I feel… it comes from both sides. If you’re the person that feels misrepresented, you still have to step it up a notch. If you want something to change, you’re better off trying to change it yourself. Perfect yourself. Be in their face, to the extent that they can’t really deny you at that point, you know what I mean? Is it fair, is it not? That’s a different question right there. But you have to do your part in order to have people notice you.
From my very first video, the 3-in-1, I got a response quicker than I expected, but on the other hand, I had made a conscious effort of making sure this thing made me proud and represented the people and got the diversity of me and my sound out there. That type of move is an example of how you get that diversity out up front.
Lots of political talk on my blog, so do you have any thought about politics you want to share? Sovereignty, independence, do you have anything to say about that? Does it matter anymore?
I don’t even know anymore if it matters. I think Québec as a culture, in Canada, is and alway will be something distinct, and you see it in the entertainment business. That’s my personal point of view, and I might be biased. I know people in Ontario might have a different perspective, but Canadian identity is a little harder to distinguish than Quebecer identity from the American and other influences. This is something Quebecers, in the present moment, have to be proud about. And keep that pride alive.
The question of an independent country really has to do with economics. If you don’t have a strong leader, to convince people about things, I don’t think Québec will ever be ready. I think one of the strongest ones was René Lévesque, ’cause he could even get an immigrant to feel concerned. I think if René Lévesque was still alive he would be convincing more people now. But who’s in the movement right now? You have to keep in mind some of the people who sort of wrecked things, like Parizeau being a sore loser… There’s some major faux-pas that were done. I’m not against it, but I’m not particularly for it, in the situation that we’re in today.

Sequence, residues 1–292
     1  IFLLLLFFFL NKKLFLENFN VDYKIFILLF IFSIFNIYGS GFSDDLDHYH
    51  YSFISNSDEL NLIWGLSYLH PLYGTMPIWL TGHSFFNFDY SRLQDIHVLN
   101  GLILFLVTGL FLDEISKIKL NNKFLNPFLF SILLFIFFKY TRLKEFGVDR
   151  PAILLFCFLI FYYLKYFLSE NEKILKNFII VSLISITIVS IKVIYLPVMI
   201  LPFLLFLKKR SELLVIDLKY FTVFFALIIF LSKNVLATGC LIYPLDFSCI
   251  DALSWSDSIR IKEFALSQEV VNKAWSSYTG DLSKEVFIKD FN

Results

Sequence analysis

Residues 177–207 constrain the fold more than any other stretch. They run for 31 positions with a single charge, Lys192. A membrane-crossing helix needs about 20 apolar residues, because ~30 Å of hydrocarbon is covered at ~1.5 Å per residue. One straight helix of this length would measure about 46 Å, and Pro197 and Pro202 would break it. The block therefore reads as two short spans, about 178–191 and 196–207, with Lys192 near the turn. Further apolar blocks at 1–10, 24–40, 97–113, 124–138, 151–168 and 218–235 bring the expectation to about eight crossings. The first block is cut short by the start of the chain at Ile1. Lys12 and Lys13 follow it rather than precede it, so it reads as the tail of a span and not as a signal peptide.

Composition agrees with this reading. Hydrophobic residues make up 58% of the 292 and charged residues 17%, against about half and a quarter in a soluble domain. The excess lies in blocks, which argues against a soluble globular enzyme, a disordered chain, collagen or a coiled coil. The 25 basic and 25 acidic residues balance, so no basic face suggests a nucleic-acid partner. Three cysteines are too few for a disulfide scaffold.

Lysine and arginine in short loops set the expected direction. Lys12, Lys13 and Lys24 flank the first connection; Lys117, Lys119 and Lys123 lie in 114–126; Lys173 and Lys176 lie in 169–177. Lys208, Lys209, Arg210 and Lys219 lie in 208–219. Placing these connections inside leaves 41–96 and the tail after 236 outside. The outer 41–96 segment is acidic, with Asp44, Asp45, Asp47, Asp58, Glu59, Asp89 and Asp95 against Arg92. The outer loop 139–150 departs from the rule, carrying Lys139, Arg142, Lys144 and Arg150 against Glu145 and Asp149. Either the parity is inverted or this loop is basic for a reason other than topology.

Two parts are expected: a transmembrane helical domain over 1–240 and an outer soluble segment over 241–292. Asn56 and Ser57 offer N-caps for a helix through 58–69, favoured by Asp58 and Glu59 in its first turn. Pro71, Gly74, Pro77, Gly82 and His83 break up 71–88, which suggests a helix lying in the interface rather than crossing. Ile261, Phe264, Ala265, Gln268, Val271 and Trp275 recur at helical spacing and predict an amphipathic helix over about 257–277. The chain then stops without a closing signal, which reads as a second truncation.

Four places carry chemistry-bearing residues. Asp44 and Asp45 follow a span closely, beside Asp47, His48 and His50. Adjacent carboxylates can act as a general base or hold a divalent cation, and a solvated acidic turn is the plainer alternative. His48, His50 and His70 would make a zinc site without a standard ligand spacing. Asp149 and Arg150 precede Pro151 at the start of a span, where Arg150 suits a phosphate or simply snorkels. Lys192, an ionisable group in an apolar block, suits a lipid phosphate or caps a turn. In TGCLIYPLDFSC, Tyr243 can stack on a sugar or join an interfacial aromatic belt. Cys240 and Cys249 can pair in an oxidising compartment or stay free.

Special Black History Month edition AngryBoys and Girls. It’s the story of Michel Adrien and Ulrick Chérubin, two buddies from the town of Jacmel in Haiti who both ended up as mayors of Mont-Laurier and Amos, two lumberjack towns of Québec’s North West.
The story of both men starts in the late 60 and early seventies when a whole generation of scholars, professionals and intellectuals was chased out of Papa Doc Duvalier’s Haiti. Quite a few of these men and women came to Québec where they found a surprisingly familiar society that spoke French and shared their catholic faith. Québec was also a society that, unlike Haiti, was now moving on after the long reign of it’s own tyrant, Maurice Duplessis.
Michel Adrien came to Québec in 1969 and took a job teaching high school physics for a year in Mont-Laurier, a small city of some 13 000 souls in the Laurentians. Québec’s Quiet Revolution had lead to massive education reforms and there were many jobs jobs for all those who were willing to do a tour of duty in the woods.
He remembers the Mont-Laurier of the late 60′s as an effervescent regional hub. Black people were rare, but not unheard of as many came to work in the many government agencies in town.